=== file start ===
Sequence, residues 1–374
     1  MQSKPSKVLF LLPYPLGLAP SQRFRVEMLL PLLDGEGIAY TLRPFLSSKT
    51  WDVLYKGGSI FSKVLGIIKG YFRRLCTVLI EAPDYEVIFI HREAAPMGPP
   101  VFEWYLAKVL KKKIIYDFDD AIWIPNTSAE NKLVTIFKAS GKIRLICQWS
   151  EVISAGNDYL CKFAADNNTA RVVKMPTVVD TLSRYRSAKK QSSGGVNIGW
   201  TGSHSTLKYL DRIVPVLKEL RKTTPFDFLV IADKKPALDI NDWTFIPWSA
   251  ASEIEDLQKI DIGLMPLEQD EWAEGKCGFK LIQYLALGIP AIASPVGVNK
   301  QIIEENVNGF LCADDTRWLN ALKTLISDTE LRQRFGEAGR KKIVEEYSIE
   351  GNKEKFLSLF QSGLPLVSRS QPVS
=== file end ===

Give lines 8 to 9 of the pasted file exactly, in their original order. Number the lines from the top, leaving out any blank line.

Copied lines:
   301  QIIEENVNGF LCADDTRWLN ALKTLISDTE LRQRFGEAGR KKIVEEYSIE
   351  GNKEKFLSLF QSGLPLVSRS QPVS